“Before you start some work, always ask yourself three questions: Why am I doing it, What the results might be, and Will I be successful. Only when you think deeply and find satisfactory answers to these questions you can go ahead.”
My question would be: have you asked yourself these questions before jumping into social media? Did you forget to do so; or you just didn’t bother? Whatever your answer might be, many companies failed to use social media effectively and efficiently because they missed this part. Those words quoted above are from Chanakya; an Indian guru who lived about 2,360 years ago. A warning that had been given long time ago.
On my previous blogpost, ‘The Internet Show and The Mobile Show Asia 2012‘, I had thrown 6 questions to help you in defining a clear strategy and direction for your social media efforts. As promised, I’ll elaborate each one below:
1. What do your really need from social media?
Define your objective and you’ll end up with a long list. But, remember. Social media is a tool. It helps, but it doesn’t do magic. Thus, choose only the objective that is feasible to you. Decide on your priority. Then ask yourself again, how social media—apart from other means, can help you to accomplish this objective. Having said that, it means that you really have to understand about your company and about how different social media platforms can support your efforts.
2. Have you integrated your social media strategy with your marketing communications strategy?
When you have defined your social media needs/objective, the next step would be formulating the strategy. Social media doesn’t stand alone. It should be a part of a higher objective. If your objective is to attract new recruits, you need a set of strategy in hand. It may involve your finance people, to decide on the package and benefits. Or your HR people, to find out the new talents out there and find a way to lure them in. Or your PR people, to get the success stories out in the paper or magazine about how young people have built their career in your company. A part of it may have something to do with social media, to increase people’s awareness: like having a reality show on YouTube showing the young people in your company who are enjoying their work and their office environment. So social media is only a part of your overall strategy. You need to work on the strategy part first. For some cases, social media may not be the most suitable tool; don’t force it.
3. Who are your online customers/audiences? Where are they?
What do they do online? Do they blog? Do they read blogs? Do they think Google+ is cool? How many hours a day do they spend watching YouTube videos? Are they on Facebook? Are they using Android phone? Do they shop online? Ask yourself these kind of questions to define your audiences. Find out their social media pattern; for instance how they interact with others, which circles they are in, when do they become active online, etc. If you have the answer to such questions, you’ll know better on how to approach them—and what’s the most effective means to do so. Demographic and psychographics research, those are the types of research most companies have conducted. Now it’s time for a Technographic research. Map your customers/audiences behavior online.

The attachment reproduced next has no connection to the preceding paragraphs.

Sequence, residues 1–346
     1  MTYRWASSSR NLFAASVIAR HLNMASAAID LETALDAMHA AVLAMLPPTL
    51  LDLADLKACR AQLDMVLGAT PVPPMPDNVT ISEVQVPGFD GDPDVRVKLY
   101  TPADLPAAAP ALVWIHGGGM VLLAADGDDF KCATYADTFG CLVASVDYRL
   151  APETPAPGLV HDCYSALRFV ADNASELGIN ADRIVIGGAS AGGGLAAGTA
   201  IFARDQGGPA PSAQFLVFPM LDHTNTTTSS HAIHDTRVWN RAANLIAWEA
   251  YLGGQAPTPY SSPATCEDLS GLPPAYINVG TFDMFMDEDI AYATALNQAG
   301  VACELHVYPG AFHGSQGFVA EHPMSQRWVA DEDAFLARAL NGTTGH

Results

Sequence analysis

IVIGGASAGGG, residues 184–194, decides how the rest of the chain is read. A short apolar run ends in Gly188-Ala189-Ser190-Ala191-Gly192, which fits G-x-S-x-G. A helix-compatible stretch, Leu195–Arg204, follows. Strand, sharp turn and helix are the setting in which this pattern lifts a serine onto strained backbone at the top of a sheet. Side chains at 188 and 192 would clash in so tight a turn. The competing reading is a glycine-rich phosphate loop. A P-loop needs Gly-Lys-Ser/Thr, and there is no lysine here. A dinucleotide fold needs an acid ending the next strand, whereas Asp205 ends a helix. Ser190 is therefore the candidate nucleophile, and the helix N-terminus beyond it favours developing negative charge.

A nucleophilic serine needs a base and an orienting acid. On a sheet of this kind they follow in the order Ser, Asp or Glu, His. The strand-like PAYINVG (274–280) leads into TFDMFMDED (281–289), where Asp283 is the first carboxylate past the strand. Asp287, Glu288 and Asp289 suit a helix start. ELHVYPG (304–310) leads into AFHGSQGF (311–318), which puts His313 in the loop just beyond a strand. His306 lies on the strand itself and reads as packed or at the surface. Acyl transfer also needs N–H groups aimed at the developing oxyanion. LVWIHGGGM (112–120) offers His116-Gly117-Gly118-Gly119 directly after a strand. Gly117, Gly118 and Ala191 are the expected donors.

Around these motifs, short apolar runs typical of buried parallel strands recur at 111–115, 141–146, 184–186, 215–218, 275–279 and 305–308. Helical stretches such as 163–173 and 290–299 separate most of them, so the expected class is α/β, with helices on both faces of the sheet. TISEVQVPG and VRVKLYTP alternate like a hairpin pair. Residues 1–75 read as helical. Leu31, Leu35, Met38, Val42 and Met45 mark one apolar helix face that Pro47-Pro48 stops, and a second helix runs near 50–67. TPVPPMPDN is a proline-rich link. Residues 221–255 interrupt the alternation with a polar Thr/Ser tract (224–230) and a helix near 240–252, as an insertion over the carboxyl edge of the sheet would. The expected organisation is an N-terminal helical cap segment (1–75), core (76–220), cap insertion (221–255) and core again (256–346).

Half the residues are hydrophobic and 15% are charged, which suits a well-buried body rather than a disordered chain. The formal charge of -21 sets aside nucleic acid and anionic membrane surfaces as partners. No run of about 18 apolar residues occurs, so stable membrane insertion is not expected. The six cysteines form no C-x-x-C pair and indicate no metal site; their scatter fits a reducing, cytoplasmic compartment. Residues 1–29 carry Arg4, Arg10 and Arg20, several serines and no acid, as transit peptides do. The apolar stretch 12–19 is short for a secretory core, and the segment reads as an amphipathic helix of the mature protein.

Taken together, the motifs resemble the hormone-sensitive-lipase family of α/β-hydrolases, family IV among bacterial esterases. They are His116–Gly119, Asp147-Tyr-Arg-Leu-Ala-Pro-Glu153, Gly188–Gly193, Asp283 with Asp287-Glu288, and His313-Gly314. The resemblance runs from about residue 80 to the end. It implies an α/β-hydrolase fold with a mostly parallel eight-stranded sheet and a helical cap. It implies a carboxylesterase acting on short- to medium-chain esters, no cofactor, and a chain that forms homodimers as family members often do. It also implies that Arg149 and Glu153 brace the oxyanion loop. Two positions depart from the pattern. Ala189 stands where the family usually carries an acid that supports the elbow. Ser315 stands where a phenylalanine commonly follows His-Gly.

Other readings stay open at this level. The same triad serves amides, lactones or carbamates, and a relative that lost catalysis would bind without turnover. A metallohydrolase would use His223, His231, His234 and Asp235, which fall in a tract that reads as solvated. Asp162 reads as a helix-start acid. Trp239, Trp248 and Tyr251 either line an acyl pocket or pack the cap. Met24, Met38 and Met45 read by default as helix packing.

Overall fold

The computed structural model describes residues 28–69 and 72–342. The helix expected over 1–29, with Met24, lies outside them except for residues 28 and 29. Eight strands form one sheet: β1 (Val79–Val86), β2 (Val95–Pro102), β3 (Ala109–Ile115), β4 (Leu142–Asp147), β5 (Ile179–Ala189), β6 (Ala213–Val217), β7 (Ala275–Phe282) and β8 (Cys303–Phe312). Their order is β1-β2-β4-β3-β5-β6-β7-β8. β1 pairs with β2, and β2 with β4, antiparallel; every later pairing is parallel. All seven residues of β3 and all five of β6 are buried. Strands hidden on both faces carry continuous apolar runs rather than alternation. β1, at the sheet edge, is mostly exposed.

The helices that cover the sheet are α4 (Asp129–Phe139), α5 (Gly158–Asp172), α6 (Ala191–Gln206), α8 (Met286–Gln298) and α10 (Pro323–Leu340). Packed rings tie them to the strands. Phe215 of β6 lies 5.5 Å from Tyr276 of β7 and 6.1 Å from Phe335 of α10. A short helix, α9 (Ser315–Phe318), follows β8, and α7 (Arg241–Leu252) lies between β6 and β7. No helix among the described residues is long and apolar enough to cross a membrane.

4. If you’re the customer, what do you expect from your company?
Unlike mass media or traditional media, social media content is defined by the people—not by business or media owners. The rule of the game is that companies should facilitate the crowd; the people. Try to identify what people are expecting from your company. Put yourself in your customers’ shoes. Will you be happy to receive 5 updates on Facebook per day about a new refrigerator? Decide what your company can offer to make your customers see your content as something important, relevant and valuable. Starbucks have seen the opportunities to use the wisdom of the crowd by establishing www.mystarbucksideas.com. Starbucks gather people’s opinion and ideas about what they expected from the company; while at the same time harness these ideas for Starbucks’ business improvement.
5. How do you define success?
You are successful when the output and the impact of your efforts meet your objective. The challenge is to give meaning to the numbers you’re aiming or receiving. For example, how many followers on Twitter you must have to be successful? And why does that number defined success? You have 1 million fans on your Facebook page, so what does this number mean to your business? You’ll find it hard to answer these questions if you don’t have a clear objective in mind about why you’re using social media at the first place. If you know that you need to find 3 new recruits to fill in a certain position in your company by August 2012 and this is your objective, you don’t need to have 1 million fans on Facebook. You may only need to engage 20 potential recruits from LinkedIn. And you can measure your success if you get 3 new recruits for your company at the end of the day. It’s not about the numbers. It’s about the meaning behind those numbers.
6. Have you committed enough resources?
Some social media platforms are free, but they can’t work on their own. You need people to manage these platforms; and these people have certain skills that don’t come for free. You also need to monitor and brief the people who are working on these platforms, and this will take your time. When you’re organizing quizzes or campaigns in social media, you may need a developer or designer to work on some applications and banners for your Facebook page. You need to prepare your resources for this.
So, how are you going to do it? Or how have you been doing? One important note from me is to keep asking these questions regularly. After all, people change. Businesses change. So never stop asking.